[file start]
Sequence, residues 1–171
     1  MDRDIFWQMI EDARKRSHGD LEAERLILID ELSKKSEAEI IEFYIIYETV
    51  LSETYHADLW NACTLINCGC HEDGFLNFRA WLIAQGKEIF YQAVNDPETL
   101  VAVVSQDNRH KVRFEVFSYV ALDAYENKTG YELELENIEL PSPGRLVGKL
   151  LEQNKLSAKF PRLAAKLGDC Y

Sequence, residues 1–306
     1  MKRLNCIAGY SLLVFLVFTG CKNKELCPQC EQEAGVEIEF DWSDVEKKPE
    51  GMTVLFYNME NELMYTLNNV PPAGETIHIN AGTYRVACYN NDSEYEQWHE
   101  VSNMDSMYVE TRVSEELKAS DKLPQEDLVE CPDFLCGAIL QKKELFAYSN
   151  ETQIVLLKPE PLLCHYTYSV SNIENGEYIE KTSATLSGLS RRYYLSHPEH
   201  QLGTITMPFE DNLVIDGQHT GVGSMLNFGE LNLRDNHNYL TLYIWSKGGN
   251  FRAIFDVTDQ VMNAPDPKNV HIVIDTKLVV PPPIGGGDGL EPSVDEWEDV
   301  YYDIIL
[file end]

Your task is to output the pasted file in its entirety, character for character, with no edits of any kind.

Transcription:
Sequence, residues 1–171
     1  MDRDIFWQMI EDARKRSHGD LEAERLILID ELSKKSEAEI IEFYIIYETV
    51  LSETYHADLW NACTLINCGC HEDGFLNFRA WLIAQGKEIF YQAVNDPETL
   101  VAVVSQDNRH KVRFEVFSYV ALDAYENKTG YELELENIEL PSPGRLVGKL
   151  LEQNKLSAKF PRLAAKLGDC Y

Sequence, residues 1–306
     1  MKRLNCIAGY SLLVFLVFTG CKNKELCPQC EQEAGVEIEF DWSDVEKKPE
    51  GMTVLFYNME NELMYTLNNV PPAGETIHIN AGTYRVACYN NDSEYEQWHE
   101  VSNMDSMYVE TRVSEELKAS DKLPQEDLVE CPDFLCGAIL QKKELFAYSN
   151  ETQIVLLKPE PLLCHYTYSV SNIENGEYIE KTSATLSGLS RRYYLSHPEH
   201  QLGTITMPFE DNLVIDGQHT GVGSMLNFGE LNLRDNHNYL TLYIWSKGGN
   251  FRAIFDVTDQ VMNAPDPKNV HIVIDTKLVV PPPIGGGDGL EPSVDEWEDV
   301  YYDIIL